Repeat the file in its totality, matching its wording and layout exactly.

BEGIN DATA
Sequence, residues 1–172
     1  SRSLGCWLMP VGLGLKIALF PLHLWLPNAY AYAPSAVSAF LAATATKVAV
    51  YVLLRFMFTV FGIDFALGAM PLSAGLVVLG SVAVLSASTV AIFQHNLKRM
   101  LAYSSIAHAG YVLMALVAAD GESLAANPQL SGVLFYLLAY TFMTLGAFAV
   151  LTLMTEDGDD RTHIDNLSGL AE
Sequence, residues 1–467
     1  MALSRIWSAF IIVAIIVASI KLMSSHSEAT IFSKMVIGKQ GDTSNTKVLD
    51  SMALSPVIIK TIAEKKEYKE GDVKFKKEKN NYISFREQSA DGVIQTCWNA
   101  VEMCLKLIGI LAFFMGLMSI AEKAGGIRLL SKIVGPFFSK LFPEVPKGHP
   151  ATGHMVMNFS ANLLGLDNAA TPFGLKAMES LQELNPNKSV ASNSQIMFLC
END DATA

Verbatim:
Sequence, residues 1–172
     1  SRSLGCWLMP VGLGLKIALF PLHLWLPNAY AYAPSAVSAF LAATATKVAV
    51  YVLLRFMFTV FGIDFALGAM PLSAGLVVLG SVAVLSASTV AIFQHNLKRM
   101  LAYSSIAHAG YVLMALVAAD GESLAANPQL SGVLFYLLAY TFMTLGAFAV
   151  LTLMTEDGDD RTHIDNLSGL AE
Sequence, residues 1–467
     1  MALSRIWSAF IIVAIIVASI KLMSSHSEAT IFSKMVIGKQ GDTSNTKVLD
    51  SMALSPVIIK TIAEKKEYKE GDVKFKKEKN NYISFREQSA DGVIQTCWNA
   101  VEMCLKLIGI LAFFMGLMSI AEKAGGIRLL SKIVGPFFSK LFPEVPKGHP
   151  ATGHMVMNFS ANLLGLDNAA TPFGLKAMES LQELNPNKSV ASNSQIMFLC